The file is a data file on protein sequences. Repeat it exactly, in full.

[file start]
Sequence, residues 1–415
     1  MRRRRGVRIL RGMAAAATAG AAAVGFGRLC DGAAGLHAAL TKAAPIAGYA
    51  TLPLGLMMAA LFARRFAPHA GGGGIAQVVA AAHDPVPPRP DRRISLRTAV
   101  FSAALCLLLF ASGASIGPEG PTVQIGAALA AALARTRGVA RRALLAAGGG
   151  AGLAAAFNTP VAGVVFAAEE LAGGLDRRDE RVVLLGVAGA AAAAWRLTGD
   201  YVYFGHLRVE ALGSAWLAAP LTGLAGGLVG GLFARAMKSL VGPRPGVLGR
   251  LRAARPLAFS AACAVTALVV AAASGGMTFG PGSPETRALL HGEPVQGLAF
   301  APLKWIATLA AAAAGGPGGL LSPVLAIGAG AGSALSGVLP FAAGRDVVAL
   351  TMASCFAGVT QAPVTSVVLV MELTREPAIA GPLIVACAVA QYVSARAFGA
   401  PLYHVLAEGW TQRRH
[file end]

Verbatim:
Sequence, residues 1–415
     1  MRRRRGVRIL RGMAAAATAG AAAVGFGRLC DGAAGLHAAL TKAAPIAGYA
    51  TLPLGLMMAA LFARRFAPHA GGGGIAQVVA AAHDPVPPRP DRRISLRTAV
   101  FSAALCLLLF ASGASIGPEG PTVQIGAALA AALARTRGVA RRALLAAGGG
   151  AGLAAAFNTP VAGVVFAAEE LAGGLDRRDE RVVLLGVAGA AAAAWRLTGD
   201  YVYFGHLRVE ALGSAWLAAP LTGLAGGLVG GLFARAMKSL VGPRPGVLGR
   251  LRAARPLAFS AACAVTALVV AAASGGMTFG PGSPETRALL HGEPVQGLAF
   301  APLKWIATLA AAAAGGPGGL LSPVLAIGAG AGSALSGVLP FAAGRDVVAL
   351  TMASCFAGVT QAPVTSVVLV MELTREPAIA GPLIVACAVA QYVSARAFGA
   401  PLYHVLAEGW TQRRH